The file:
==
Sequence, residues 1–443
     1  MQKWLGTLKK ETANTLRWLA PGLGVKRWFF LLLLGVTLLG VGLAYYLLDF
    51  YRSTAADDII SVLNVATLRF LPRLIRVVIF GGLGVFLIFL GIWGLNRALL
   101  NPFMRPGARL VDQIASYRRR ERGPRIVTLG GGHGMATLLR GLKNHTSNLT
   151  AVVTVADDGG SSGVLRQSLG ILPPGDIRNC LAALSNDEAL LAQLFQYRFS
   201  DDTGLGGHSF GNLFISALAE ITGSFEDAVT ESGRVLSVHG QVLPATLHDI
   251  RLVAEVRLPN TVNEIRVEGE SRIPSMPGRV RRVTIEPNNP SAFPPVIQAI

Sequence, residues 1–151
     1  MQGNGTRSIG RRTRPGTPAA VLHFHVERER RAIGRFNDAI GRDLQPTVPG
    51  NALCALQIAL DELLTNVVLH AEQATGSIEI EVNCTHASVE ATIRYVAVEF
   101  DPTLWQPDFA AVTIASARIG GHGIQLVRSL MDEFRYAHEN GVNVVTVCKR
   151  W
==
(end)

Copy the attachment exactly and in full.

Sequence, residues 1–443
     1  MQKWLGTLKK ETANTLRWLA PGLGVKRWFF LLLLGVTLLG VGLAYYLLDF
    51  YRSTAADDII SVLNVATLRF LPRLIRVVIF GGLGVFLIFL GIWGLNRALL
   101  NPFMRPGARL VDQIASYRRR ERGPRIVTLG GGHGMATLLR GLKNHTSNLT
   151  AVVTVADDGG SSGVLRQSLG ILPPGDIRNC LAALSNDEAL LAQLFQYRFS
   201  DDTGLGGHSF GNLFISALAE ITGSFEDAVT ESGRVLSVHG QVLPATLHDI
   251  RLVAEVRLPN TVNEIRVEGE SRIPSMPGRV RRVTIEPNNP SAFPPVIQAI

Sequence, residues 1–151
     1  MQGNGTRSIG RRTRPGTPAA VLHFHVERER RAIGRFNDAI GRDLQPTVPG
    51  NALCALQIAL DELLTNVVLH AEQATGSIEI EVNCTHASVE ATIRYVAVEF
   101  DPTLWQPDFA AVTIASARIG GHGIQLVRSL MDEFRYAHEN GVNVVTVCKR
   151  W